100 leagues to hunt and take good furr. ½ p.
[C.O. 194, 3. Nos. 93, 93.i.ii.; and 195, 4. pp.
20. T. Corbin to the Council of Trade and Plantations. From
the first settlement of H.M. Colony of Virginia, the Secretary
for the time being have always had the nomination, confirmation, commissionating, removing and displacing the Clarks of
the several County Courts, with all fees and perquisites etc.
H.M. hath granted a Commission to Edmund Jennings for that
office in full and ample manner as any former Secretary ever
had and enjoyed. John Taylor, gentleman, was commissionated
and placed Clark of Charles Citty County, who in 1702 had leave
from the Governor and Council to go for England for the recovery
of his health, and admitted to recommend a fitt person to execute
the place during his absence, and to be restored at his return.
In 1703 the County of Charles Citty was by a law divided into
two Counties, one of which retains the name, the other is called
Prince George County; on the division Col. Nicholson, their
Governor, claimed and insisted on, as a right, the nomination
of the Clark of the new County (called Prince George) and accordingly nominated Richard Bland, gentleman. The late and
present Secretarys seldom disposing of any such place without
the Governor's knowledge or good liking, and being unwilling
to contest in whom the right of nomination in this particular
case lay, did commissionate Bland, being a person qualified
for the execution of that office, and the trustee of Taylor had
liberty to continue in the Clark's place of Charles City County
some time. John Taylor was afterwards putt out of that office,
hath now petitioned the present Governor to be restored, and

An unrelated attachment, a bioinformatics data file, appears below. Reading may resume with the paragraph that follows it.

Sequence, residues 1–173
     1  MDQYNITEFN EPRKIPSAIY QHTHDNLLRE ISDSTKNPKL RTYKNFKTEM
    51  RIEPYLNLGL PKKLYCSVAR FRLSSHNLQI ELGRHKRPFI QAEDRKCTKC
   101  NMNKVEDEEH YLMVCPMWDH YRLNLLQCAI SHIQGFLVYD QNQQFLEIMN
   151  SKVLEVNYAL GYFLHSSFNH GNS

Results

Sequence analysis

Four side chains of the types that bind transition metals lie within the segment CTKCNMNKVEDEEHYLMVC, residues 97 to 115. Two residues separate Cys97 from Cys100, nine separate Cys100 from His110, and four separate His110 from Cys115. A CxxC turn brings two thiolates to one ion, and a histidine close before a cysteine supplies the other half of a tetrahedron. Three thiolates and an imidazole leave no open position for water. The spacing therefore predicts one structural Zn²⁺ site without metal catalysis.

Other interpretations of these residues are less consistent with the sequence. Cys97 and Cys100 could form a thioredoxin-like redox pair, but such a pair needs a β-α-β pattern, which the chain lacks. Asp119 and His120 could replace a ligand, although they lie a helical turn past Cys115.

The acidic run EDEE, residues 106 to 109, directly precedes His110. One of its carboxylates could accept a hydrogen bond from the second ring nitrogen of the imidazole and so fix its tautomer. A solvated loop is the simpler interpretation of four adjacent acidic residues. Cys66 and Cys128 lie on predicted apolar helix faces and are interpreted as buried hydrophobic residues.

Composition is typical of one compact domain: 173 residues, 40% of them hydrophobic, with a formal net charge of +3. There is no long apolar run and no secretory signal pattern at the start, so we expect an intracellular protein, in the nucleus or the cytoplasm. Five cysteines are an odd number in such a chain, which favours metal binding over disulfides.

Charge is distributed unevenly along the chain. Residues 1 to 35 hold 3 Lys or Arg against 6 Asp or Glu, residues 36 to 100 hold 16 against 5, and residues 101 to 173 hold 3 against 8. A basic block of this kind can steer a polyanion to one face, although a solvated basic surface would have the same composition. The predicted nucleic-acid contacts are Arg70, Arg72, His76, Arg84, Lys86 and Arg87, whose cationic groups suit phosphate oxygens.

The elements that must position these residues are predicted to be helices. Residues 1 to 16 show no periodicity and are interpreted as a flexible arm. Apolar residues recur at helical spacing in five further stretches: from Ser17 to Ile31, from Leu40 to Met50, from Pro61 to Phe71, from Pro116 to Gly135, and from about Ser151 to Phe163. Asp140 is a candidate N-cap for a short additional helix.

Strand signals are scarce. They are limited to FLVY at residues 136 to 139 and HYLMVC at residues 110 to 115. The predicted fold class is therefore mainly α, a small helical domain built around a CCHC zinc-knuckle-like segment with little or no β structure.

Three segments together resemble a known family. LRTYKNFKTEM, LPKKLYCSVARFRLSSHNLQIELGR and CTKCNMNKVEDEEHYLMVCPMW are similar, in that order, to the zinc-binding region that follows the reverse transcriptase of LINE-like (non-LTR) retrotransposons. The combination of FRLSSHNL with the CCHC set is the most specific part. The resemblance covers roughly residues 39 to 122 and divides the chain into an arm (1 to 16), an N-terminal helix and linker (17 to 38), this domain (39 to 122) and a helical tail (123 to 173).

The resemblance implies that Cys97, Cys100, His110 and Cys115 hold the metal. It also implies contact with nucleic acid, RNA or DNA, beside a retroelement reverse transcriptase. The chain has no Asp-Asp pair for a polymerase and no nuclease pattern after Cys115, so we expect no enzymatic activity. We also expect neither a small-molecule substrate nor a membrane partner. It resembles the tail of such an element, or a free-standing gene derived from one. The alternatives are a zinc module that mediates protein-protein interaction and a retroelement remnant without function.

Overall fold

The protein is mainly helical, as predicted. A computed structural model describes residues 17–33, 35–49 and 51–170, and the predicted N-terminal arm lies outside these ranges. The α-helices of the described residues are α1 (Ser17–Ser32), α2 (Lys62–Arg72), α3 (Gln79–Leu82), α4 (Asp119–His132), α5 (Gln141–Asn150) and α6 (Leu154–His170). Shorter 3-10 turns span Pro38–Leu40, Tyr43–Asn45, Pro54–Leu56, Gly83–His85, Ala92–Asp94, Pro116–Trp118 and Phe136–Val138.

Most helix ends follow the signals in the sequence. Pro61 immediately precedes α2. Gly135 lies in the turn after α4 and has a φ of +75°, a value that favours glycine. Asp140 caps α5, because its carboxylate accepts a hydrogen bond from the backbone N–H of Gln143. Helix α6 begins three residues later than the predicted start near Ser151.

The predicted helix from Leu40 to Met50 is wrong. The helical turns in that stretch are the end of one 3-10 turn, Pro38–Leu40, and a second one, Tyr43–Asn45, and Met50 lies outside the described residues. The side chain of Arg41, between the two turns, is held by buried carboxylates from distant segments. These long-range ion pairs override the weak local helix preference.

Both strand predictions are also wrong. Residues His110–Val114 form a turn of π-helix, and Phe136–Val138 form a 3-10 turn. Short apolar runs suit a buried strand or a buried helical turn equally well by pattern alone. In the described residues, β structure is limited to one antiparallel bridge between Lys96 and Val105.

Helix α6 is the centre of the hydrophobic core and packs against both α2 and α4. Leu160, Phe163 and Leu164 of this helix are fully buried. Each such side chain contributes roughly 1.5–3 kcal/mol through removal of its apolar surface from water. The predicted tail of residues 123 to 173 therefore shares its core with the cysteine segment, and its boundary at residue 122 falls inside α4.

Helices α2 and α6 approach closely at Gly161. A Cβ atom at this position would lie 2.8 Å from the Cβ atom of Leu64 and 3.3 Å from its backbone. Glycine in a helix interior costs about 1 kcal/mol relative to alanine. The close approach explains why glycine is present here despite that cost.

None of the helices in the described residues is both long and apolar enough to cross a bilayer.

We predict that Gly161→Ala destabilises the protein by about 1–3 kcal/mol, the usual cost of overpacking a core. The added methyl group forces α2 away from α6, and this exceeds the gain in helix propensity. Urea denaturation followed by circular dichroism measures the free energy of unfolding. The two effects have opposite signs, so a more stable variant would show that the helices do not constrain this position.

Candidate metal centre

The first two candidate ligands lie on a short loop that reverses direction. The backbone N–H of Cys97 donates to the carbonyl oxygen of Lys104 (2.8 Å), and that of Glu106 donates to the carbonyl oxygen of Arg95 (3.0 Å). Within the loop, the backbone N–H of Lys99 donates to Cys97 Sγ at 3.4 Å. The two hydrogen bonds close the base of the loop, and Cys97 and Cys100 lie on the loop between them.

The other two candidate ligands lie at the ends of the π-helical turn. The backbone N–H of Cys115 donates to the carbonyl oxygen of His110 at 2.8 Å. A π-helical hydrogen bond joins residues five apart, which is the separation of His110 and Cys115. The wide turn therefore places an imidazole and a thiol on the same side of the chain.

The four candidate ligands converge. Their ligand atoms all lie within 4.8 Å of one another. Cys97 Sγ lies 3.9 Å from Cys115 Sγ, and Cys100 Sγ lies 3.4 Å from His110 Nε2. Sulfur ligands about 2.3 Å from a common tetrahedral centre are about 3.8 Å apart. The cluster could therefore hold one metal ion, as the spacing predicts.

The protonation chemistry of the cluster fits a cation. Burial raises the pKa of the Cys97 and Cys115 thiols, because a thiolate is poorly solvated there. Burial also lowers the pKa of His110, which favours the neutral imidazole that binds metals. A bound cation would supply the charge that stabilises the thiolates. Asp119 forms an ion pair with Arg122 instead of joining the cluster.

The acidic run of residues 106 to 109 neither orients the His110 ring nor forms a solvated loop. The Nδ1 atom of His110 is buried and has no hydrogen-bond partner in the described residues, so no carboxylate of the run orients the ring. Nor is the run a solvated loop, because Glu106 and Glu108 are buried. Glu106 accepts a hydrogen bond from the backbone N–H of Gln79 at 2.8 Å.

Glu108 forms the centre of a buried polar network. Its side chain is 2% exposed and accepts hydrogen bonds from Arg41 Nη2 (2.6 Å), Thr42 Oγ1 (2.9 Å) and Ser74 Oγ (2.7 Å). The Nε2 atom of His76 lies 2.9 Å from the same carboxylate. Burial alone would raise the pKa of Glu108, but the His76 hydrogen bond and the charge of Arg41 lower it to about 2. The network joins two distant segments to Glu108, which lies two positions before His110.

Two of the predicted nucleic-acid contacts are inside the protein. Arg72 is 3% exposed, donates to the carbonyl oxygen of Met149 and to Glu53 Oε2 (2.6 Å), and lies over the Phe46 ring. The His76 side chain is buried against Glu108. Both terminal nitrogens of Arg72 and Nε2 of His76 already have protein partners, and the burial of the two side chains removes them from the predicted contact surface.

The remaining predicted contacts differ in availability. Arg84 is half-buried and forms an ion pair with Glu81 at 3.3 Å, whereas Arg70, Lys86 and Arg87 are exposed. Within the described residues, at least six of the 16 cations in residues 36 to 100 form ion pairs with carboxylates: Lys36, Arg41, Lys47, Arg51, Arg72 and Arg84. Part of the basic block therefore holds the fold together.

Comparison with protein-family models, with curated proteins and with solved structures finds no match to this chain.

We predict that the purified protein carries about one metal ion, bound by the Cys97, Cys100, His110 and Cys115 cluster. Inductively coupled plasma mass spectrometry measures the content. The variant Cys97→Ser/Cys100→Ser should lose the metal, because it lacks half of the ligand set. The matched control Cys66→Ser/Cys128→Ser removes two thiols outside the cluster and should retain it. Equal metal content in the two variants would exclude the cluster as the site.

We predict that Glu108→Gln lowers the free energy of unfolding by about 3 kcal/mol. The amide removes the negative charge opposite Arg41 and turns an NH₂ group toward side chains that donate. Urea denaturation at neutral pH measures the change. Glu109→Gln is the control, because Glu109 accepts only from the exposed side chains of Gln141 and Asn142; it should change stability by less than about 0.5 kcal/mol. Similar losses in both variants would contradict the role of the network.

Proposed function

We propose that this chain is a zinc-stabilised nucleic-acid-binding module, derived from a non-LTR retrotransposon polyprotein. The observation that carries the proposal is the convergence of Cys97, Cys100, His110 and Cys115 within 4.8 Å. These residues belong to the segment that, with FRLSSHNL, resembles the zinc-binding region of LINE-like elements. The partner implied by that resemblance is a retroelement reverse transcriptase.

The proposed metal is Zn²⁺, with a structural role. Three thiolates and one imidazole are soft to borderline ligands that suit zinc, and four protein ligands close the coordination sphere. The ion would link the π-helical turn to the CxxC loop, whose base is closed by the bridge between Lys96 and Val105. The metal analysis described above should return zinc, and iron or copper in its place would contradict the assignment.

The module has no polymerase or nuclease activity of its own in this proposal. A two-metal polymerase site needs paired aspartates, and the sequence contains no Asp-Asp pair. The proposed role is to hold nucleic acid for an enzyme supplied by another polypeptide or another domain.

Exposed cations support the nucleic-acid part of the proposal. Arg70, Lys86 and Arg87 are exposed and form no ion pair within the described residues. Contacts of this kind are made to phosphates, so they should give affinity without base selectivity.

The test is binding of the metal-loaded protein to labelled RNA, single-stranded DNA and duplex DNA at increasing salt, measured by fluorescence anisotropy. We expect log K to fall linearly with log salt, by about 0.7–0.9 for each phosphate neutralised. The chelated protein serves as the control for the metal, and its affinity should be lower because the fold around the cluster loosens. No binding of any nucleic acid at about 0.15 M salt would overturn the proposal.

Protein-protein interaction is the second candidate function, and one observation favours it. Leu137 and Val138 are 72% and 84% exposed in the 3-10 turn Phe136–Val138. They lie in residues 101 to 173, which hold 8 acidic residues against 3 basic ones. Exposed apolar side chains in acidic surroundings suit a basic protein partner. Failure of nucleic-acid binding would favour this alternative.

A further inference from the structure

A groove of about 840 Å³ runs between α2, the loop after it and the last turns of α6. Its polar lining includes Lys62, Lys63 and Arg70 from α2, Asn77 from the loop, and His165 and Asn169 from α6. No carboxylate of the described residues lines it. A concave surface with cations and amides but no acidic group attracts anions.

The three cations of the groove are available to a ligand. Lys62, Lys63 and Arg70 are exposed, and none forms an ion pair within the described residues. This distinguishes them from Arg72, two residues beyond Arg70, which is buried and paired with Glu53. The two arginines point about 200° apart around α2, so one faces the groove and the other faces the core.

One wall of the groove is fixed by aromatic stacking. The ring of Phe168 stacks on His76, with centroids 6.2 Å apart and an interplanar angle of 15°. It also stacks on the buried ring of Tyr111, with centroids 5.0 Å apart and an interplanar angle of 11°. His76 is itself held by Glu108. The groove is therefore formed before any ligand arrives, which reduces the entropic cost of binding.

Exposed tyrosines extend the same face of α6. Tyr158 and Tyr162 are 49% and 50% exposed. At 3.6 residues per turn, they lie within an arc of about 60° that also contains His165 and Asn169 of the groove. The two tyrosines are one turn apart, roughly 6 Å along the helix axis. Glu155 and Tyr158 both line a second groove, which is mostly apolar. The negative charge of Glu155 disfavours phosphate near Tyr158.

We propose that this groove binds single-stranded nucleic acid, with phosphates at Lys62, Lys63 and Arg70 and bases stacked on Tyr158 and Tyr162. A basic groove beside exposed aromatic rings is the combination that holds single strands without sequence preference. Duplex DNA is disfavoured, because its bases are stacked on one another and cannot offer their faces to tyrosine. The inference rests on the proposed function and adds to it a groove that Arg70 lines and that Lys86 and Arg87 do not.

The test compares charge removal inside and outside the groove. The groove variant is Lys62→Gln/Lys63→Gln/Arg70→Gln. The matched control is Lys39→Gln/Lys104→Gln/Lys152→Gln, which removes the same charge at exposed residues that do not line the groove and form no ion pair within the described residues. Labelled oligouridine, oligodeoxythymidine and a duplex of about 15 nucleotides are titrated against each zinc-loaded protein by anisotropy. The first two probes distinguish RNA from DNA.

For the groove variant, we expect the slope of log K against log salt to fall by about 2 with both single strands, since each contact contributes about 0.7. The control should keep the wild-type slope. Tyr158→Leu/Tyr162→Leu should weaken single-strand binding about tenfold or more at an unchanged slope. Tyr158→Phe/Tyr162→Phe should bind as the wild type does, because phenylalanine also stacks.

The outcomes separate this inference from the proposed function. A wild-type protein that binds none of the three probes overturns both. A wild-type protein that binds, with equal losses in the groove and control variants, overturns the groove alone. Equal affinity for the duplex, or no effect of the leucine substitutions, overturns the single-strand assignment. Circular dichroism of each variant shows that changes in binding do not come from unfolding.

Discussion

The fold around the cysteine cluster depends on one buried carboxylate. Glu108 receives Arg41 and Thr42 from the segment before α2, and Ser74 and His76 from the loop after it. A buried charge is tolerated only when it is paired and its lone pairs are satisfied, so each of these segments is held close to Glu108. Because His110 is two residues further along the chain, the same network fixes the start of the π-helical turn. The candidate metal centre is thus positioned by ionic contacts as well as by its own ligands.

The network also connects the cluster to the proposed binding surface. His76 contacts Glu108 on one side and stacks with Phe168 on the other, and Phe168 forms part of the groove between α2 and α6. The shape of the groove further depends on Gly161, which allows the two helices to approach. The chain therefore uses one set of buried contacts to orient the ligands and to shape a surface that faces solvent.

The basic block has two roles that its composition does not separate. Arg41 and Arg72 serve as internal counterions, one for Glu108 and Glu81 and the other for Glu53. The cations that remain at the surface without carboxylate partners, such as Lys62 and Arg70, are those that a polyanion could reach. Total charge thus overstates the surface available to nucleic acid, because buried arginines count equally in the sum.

to have the choice of the Clark's place of the Counties so divided,
which H.E. hath thought fitt to lay before the Council. Who
are of opinion that the petitioner's case deserves a favourable
regard and ought in justice to have his choice of the Clarks' places.
Whereas Mr. Secretary Jennings dos not seem in the least to
desire to intrench or claim anything that may not of right belong
to his Offices, or is not intended to be granted by the Letters
Pattent to him, and that he may do right in this particular and
other like cases, he humbly prays your Lordships' instruction
whether, considering that the said office is granted by Letters
Patents, under the Great Seal of England, to be executed by
him or his deputy or deputies for whom he is and will be answerable, that he may have all the rights, immunities, profit, fees
and nomination of Clarks be continued and asserted to him
without the Council intermedling with the appointments of
said Clarks, who are the Secretary's Deputies in the several
Counties commissionated by him. If any otherwise then what
the said Secretary, or his predecessour hath practised, would be
the taking away the greatest part of the proffits of his office.
A determination having already been made in favour of the
Secretary of Maryland in the like case between Col. Copley and
Sir T. Lawrence. Signed, Thomas Corbin. Endorsed, Recd.
Read Jan. 11, 1705/6., 1 large p. [C.O. 5, 1315. No. 3; and
5, 1361. pp. 426–429.]
21. W. Popple, jr., to Lt. Moody. The Council of Trade
and Plantations desire you would let them have to-morrow
morning an account of the trade and fishery of Newfoundland.
[C.O. 195, 4. p. 86.]
22. Same to Mr. Burchett. The Council of Trade being
pressed to lay their report in a day or two at furthest before
the House of Commons, desire you to let me know whether you
have had any answer from Commodore Bridge, etc. [C.O. 195,
4. p. 87.]
23. Mr. Fawler to W. Popple, jr. Reply to preceding. A
messenger is sent this night to Deptford to order Capt. Bridges
to attend the Council of Trade and Plantations to-morrow.
J. Fawler. Endorsed, Recd. Read Jan. 15, 1705/6. 1 p.
[C.O. 194, 3. No. 94; and 195, 4. p. 100.]
24. Governor Handasyd to the Council of Trade and Plantations. Acknowledges letters of Oct. 29, Nov. 1 and Aug. 30.